A compact settlement of some 500 people and surrounded by rainforest, Kuranda has become a major tourist attraction in North Queensland.

Location: 27 km north west of Cairns on the Atherton Tableland.

For a great day out from Cairns or Port Douglas, you can either take the 30 minute drive from Cairns into the mountains behind the city, or opt for a ride on the world renowned Kuranda Scenic Railway, which winds its way up a gorge through 15 tunnels and over 40 bridges.

The line clings to the rock face and passengers can almost touch the waterfalls as they climb the mountains towards the Atherton Tableland. Offering views back across the Coral Sea, the railway was built by John Robb between 1886 and 1891 and is recognised as a masterpiece of railway engineering.

Kuranda, one of the gateways to the Atherton Tableland from Cairns, has plenty of shops, galleries and cafes to relieve tourists of their dollars, and I don't say that in a derogatory way at all. Kuranda is home to an extraordinary number of artists and craft workers and this is reflected in the large number of shops and market stalls selling their beautiful products. There are in fact three markets - Heritage Markets, Kuranda Original Rainforest Markets and The New Markets - where locally produced arts, crafts, clothing, Aboriginal artifacts and souvenirs are available.

If it is Australia's wildlife you've come to see, you won't leave disappointed. At Kuranda there is a Koala Gardens, Birdworld bird sanctuary, a butterfly aviary, the Australia Venom Zoo, Cairns Wildlife Safari Reserve and the BatReach Wildlife Rescue and Rehabilitation Centre.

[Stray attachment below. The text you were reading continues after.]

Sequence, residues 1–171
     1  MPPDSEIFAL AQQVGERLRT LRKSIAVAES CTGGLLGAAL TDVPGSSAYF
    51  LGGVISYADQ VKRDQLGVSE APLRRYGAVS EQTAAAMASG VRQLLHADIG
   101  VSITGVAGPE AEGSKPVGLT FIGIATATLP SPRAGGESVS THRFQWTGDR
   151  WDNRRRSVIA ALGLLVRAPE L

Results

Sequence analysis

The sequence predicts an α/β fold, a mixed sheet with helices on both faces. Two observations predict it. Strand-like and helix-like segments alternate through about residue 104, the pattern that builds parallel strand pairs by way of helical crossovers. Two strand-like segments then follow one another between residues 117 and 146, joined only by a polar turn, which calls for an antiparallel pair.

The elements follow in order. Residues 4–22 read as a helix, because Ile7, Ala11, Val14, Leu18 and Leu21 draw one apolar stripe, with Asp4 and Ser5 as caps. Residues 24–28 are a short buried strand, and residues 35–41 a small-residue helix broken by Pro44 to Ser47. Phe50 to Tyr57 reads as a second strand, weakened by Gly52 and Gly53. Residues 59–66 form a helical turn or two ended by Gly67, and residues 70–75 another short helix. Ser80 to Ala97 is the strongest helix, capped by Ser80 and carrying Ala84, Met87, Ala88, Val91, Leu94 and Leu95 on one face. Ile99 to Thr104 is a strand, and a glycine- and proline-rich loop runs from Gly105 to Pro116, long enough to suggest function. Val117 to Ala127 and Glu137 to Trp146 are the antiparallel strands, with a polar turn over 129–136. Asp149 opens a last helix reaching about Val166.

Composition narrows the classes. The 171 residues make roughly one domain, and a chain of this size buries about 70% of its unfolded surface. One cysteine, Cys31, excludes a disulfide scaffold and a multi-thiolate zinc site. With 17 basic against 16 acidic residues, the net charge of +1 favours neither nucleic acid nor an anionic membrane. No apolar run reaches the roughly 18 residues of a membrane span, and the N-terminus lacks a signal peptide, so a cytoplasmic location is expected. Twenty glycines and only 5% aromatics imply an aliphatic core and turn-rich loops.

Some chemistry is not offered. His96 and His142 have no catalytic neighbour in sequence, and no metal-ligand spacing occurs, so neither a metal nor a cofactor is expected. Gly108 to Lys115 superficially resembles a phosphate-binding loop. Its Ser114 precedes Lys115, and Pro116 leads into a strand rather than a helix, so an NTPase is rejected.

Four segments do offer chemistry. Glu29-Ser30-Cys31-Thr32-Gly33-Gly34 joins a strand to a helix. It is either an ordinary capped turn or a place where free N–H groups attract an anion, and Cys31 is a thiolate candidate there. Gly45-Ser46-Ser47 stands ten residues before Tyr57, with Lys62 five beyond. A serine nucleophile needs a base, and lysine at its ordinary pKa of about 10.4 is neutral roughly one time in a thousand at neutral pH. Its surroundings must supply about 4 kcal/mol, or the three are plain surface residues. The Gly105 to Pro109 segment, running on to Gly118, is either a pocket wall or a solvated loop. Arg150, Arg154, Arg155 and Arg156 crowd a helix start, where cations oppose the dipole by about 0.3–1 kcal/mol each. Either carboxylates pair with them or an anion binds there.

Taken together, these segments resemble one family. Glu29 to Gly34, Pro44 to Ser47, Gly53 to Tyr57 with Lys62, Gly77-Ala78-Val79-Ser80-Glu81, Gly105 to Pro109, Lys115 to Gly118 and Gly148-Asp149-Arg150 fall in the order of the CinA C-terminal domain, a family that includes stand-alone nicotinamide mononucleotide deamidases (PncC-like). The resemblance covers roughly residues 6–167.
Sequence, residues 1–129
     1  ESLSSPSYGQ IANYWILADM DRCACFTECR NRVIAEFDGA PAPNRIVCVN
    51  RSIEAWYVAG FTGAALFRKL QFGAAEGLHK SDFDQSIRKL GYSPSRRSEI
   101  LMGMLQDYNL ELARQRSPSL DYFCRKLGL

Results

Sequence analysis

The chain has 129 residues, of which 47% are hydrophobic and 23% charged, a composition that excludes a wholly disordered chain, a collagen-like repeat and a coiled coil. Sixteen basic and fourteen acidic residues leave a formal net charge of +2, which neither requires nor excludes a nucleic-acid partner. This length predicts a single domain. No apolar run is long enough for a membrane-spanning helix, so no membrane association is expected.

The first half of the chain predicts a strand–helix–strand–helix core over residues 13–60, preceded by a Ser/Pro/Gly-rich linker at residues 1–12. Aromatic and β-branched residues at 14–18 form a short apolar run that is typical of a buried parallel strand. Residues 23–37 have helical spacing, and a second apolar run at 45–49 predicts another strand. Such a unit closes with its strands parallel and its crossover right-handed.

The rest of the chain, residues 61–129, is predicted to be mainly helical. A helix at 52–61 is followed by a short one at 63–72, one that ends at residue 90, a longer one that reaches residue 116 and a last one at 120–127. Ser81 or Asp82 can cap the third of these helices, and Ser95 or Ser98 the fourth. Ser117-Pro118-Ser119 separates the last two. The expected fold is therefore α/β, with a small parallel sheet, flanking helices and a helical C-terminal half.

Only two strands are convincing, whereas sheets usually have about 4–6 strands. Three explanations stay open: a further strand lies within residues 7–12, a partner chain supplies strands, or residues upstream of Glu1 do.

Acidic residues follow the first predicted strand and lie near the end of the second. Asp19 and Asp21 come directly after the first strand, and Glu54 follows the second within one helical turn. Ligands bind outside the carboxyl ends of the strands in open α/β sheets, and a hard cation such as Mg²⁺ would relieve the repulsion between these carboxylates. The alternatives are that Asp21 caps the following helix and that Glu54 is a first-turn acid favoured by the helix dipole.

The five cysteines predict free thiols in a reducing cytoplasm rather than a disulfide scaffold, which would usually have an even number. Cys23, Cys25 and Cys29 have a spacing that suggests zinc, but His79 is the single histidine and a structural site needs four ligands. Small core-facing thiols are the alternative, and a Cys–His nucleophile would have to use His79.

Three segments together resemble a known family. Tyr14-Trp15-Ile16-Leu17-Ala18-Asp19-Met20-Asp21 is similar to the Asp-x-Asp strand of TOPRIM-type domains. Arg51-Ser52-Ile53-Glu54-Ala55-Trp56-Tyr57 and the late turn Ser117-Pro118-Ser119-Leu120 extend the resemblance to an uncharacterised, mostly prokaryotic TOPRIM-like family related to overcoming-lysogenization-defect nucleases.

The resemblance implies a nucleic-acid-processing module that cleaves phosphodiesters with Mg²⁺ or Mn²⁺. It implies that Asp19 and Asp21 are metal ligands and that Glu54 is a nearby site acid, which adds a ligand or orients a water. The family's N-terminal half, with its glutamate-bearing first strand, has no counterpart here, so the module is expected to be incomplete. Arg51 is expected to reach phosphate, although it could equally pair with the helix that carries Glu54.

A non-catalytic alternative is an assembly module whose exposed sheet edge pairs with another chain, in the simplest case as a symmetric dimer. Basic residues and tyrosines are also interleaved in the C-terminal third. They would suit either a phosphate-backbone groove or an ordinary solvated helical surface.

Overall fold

In addition, tours of the rainforest of all kinds are available - from walking to 6WD amphibious Army ducks, Hummers, cruising on the Barron River, or the overhead Skyrail, spanning 7.5km over the rainforest.

Natural features: Kuranda Forest Reserve; Barron River; Barron Falls; Caravonica Lakes

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Brief history

The rainforest is home to the Djabugay aboriginal people who have lived here for over 10,000 years. Exploration by Europeans in the early 1800s opened the way for gold prospectors and the timber industry and settlement by the pioneers. Kuranda was first surveyed in 1888 by Thomas Behan, and the building of the railway and the road from the new seaport of Cairns paved the way for trade and the movement of people over the mountains. Kuranda became a destination for locals on holiday and honeymooners and word soon spread telling of the magnificent Barron Falls and the lushness of the rainforest. During the 1940s there was a big military presence in the area; training and rest and recreation for troops and Air Force personnel took precedence over tourism.

Origin of name: of Aboriginal origin, probably derived from an Aboriginal word in the Yindinji language - "kuran" - indicating an acorn leafed plant (Helmholtzia acorifolia).

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